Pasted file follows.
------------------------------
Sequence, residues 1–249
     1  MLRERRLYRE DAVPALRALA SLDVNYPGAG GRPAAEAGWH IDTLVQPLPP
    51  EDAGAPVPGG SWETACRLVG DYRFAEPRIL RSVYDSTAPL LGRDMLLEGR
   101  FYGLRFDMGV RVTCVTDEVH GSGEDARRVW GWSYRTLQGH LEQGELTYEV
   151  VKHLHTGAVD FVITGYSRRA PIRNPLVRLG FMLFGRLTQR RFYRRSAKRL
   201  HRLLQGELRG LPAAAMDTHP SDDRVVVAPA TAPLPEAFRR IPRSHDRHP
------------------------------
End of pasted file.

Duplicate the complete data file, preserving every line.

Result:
Sequence, residues 1–249
     1  MLRERRLYRE DAVPALRALA SLDVNYPGAG GRPAAEAGWH IDTLVQPLPP
    51  EDAGAPVPGG SWETACRLVG DYRFAEPRIL RSVYDSTAPL LGRDMLLEGR
   101  FYGLRFDMGV RVTCVTDEVH GSGEDARRVW GWSYRTLQGH LEQGELTYEV
   151  VKHLHTGAVD FVITGYSRRA PIRNPLVRLG FMLFGRLTQR RFYRRSAKRL
   201  HRLLQGELRG LPAAAMDTHP SDDRVVVAPA TAPLPEAFRR IPRSHDRHP